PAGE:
On Sunday, I won first prize in a competition. It was training worth $1000 and I was super excited because I love to learn.
And last week, I was a runner up in another competition, narrowly missing out on a £500 prize. In fact, I've won eight competitions since December, from big ticket items to a £40 voucher for my local farm shop!
- Do I enter 100s of competitions? No.
- Do I enter more than the average person? Mmm, possibly...
- Do I go all out to win those I do enter? Absolutely!
The reason why I often win is because of targeted effort. I put the right sort of effort in at the right time. Targeted effort has been a major factor in my success as a student too. So what does this mean?
Targeted effort and growth mindset
Those of you who know me will know that I talk a lot about having a positive study mindset and in particular a growth mindset.
Students with a growth mindset know that the more effort they put into their studies, the better their results.
You can contrast that with students who have a fixed mindset - who believe their talent and ability is limited - and they believe nothing they can do will improve it.
So they don't put the effort in, or don't put as much effort in.
But simply putting effort into your studies is not enough. It has to be TARGETED effort.
To give you an example – you could jog on the spot for an hour and put in a lot of effort, but you're not going to get very far! I see this with students who are clearly putting effort into their studies, but because they don’t have the right strategies they're not getting very far.
What can you do?
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Here are three ways you can be sure you’re putting targeted effort in.
1. Set success criteria
If you think through how you are going to apply targeted effort in advance, it’s a lot easier to monitor your performance. Before you go back to University in the Autumn, take some time to journal or write down what targeted effort would look like for:
- your reading,
- in a lecture,
- when you’re writing an essay, and
- in an exam.
Don't skip this step and think it is self-evident! Humour me here and actually write it in your journal or workbook. One of the BIGGEST lessons I've learned in my life is that planning is crucial to performance.
Putting targeted effort in might look like this:
- Doing the required level of reading
- Challenging yourself to test your knowledge
- Making sure you do the recommended reading before the lecture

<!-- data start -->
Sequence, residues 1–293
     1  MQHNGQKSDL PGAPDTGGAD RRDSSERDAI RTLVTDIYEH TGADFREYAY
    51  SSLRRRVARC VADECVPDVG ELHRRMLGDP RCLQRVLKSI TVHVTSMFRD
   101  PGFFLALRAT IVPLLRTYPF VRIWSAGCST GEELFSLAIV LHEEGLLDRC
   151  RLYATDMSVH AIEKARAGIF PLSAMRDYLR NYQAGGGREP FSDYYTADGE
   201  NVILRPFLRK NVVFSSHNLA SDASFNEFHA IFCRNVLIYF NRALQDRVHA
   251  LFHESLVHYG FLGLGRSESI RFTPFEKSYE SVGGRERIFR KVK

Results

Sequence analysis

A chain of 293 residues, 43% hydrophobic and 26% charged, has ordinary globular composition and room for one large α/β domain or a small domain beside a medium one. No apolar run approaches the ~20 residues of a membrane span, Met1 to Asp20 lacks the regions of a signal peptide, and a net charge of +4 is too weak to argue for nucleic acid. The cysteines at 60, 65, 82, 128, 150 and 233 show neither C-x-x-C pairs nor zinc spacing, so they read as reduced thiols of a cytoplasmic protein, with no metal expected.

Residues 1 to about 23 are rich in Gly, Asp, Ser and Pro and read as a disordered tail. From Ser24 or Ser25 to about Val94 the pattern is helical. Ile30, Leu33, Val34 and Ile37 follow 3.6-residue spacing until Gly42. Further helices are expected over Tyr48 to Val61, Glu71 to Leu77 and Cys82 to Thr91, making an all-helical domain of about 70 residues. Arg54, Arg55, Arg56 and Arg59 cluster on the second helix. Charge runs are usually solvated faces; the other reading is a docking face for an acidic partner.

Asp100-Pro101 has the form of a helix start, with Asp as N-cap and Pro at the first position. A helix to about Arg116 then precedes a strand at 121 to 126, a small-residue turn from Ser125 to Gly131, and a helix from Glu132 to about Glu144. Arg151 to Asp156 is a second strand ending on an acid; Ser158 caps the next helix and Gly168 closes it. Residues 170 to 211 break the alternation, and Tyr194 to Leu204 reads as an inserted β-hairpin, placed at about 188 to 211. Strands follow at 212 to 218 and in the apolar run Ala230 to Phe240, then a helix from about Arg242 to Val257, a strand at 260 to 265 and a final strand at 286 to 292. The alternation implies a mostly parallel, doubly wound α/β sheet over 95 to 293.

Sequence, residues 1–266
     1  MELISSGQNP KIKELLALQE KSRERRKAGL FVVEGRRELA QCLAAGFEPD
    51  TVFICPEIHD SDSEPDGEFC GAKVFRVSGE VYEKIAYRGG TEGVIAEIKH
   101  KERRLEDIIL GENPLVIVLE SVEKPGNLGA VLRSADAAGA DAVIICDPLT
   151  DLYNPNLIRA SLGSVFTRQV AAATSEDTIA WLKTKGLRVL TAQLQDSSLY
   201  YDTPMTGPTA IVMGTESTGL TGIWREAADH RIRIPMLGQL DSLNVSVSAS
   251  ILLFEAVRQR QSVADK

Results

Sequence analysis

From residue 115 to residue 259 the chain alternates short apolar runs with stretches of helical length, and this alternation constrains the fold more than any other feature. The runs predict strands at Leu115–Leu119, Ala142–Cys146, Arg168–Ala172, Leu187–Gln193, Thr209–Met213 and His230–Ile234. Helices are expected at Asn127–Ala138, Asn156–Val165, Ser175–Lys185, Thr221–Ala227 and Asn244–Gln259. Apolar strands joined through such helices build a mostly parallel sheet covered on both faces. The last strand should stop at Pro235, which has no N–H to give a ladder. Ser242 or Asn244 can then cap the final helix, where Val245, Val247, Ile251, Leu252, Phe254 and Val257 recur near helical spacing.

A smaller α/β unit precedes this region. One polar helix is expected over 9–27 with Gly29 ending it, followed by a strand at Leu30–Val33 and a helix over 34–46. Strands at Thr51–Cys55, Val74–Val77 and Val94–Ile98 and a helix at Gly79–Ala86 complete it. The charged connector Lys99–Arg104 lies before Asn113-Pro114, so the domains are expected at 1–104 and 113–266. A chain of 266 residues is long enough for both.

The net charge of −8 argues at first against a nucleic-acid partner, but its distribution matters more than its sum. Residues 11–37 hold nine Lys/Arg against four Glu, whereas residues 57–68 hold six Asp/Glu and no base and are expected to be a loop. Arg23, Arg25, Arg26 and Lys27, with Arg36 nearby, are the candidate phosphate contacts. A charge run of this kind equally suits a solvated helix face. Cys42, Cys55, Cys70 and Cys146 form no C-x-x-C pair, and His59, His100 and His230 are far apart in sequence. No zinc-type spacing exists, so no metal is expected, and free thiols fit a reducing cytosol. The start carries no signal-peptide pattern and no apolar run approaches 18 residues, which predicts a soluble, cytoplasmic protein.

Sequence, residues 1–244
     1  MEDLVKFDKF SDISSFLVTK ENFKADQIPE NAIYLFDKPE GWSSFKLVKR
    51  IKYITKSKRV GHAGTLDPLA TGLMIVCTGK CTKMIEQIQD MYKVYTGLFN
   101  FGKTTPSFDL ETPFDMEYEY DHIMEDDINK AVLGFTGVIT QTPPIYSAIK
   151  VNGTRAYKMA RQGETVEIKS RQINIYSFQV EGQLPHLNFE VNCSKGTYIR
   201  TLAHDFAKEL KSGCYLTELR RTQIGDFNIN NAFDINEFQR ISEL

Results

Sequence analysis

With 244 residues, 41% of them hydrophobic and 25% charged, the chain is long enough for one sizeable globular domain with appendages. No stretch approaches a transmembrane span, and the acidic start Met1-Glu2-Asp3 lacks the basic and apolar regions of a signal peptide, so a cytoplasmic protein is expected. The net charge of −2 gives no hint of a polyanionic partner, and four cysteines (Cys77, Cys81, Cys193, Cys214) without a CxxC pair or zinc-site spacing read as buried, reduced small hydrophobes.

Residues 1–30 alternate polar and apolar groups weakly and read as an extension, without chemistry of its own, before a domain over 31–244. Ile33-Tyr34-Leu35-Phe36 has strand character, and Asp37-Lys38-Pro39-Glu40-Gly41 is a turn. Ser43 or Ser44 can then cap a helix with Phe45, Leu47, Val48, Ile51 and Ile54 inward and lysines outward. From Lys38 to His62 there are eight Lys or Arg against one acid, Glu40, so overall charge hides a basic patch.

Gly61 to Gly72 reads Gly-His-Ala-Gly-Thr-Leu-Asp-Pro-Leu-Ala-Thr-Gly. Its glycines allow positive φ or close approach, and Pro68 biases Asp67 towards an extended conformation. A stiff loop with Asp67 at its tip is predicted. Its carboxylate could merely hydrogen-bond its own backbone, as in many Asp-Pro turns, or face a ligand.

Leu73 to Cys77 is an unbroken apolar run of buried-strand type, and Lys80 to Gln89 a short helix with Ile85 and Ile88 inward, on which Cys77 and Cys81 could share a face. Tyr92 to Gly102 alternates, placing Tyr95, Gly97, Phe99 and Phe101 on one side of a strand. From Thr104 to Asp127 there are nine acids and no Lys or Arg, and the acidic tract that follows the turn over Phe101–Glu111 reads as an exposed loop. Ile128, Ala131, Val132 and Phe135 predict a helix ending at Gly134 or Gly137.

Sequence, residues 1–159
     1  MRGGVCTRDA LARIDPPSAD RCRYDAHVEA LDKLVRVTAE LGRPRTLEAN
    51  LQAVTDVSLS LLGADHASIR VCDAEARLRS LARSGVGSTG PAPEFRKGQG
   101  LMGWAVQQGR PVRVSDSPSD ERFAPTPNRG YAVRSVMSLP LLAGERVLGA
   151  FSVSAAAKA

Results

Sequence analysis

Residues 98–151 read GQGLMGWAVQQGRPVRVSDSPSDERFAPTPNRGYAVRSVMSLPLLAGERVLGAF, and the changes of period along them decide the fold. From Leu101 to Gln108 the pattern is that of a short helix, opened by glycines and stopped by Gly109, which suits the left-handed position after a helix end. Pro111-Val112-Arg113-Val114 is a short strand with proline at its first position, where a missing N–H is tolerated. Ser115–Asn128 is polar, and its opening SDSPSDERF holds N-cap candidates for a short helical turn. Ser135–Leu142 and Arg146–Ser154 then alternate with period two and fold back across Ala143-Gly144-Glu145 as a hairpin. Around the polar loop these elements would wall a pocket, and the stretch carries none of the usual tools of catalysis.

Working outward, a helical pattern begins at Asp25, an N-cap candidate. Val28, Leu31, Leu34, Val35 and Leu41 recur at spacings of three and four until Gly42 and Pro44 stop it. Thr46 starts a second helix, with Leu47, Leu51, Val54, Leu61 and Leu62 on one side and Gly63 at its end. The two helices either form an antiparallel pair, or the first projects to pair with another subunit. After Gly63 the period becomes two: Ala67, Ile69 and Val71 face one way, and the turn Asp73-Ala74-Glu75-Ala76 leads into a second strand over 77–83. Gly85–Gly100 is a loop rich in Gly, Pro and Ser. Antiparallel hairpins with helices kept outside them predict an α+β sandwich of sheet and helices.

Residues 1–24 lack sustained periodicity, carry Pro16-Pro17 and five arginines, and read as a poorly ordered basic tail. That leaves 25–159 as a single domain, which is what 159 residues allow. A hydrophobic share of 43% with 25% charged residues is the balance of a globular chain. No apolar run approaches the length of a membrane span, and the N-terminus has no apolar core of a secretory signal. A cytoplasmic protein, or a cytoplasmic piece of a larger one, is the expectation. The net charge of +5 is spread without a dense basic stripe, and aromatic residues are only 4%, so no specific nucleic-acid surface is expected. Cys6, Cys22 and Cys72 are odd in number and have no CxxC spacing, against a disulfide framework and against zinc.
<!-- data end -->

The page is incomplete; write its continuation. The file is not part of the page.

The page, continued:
- Being determined to never give up until you’ve found a solution
These are some example of what effort looks like and by defining those, it will become easier to assess you’re putting the right sort of targeted effort in.
2. Get feedback
If you find that you’re not making progress, get feedback from people you trust. This will help you understand where you’re going wrong in your studies and how you can target your efforts more effectively.
Don’t struggle in silence. I've said this before and I'll say it again if you are struggling to make progress ask someone for help or insight. Most problems will have been encountered and overcome before, and getting another perspective often helps.
Once you've got feedback, then take action on that feedback.
If somebody directs you to do something new, then be open to change and take advice on board. Continuing to put effort into an approach which doesn't work for you, may keep you busy, but it's not going to improve your results. Be open to new approaches and prepared to retarget your effort in another direction.
3. Use different strategies
Make sure you try out a range of study strategies. Different study methods work for different students and something that worked for a friend, or which somebody else at University is using, may not be quite right for you. Take a step back and think how you can tackle your study, essays or exams from a different angle.
You can use the resources on the joinedupwriting.online website for inspiration, you can watch other tutorials like this and you can ask for advice. But make sure you’re using the WHOLE range of tools that apply to whatever aspect of study you’re conducting.
Remember, there's a plan and purpose for your life - study hard, stand out and start right NOW!